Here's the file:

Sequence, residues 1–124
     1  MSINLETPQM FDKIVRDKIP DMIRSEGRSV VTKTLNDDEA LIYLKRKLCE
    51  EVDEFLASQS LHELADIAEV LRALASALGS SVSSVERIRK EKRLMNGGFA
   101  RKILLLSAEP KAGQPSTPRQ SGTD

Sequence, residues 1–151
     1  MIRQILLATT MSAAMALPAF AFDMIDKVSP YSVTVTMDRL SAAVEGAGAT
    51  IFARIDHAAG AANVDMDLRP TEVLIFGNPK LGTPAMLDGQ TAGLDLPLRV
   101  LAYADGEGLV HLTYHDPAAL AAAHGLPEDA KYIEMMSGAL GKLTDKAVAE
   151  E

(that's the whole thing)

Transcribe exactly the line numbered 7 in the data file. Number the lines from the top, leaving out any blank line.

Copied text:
    51  IFARIDHAAG AANVDMDLRP TEVLIFGNPK LGTPAMLDGQ TAGLDLPLRV